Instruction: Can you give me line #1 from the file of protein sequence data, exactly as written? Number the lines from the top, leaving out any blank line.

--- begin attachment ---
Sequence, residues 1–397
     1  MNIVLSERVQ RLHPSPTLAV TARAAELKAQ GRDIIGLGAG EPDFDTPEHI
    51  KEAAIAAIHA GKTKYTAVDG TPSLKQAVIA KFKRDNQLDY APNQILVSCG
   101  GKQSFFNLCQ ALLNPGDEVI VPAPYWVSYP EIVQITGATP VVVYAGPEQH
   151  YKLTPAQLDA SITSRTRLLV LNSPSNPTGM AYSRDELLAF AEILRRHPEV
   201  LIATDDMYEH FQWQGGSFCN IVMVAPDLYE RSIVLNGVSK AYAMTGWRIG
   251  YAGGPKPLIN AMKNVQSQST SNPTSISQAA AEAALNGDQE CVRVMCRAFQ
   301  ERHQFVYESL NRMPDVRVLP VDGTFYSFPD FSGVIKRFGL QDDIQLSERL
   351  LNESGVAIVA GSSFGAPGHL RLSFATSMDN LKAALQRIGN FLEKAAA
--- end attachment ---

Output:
Sequence, residues 1–397